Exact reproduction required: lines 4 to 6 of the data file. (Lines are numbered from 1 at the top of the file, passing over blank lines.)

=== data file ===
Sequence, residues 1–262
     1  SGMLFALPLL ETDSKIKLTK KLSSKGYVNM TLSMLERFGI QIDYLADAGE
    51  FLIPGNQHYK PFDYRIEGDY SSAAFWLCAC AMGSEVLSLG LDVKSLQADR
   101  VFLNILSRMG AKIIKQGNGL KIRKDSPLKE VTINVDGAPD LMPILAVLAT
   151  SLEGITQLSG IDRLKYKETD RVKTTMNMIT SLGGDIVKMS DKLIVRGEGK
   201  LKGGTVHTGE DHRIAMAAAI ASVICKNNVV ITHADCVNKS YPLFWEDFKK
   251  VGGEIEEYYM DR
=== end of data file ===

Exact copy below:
   101  VFLNILSRMG AKIIKQGNGL KIRKDSPLKE VTINVDGAPD LMPILAVLAT
   151  SLEGITQLSG IDRLKYKETD RVKTTMNMIT SLGGDIVKMS DKLIVRGEGK
   201  LKGGTVHTGE DHRIAMAAAI ASVICKNNVV ITHADCVNKS YPLFWEDFKK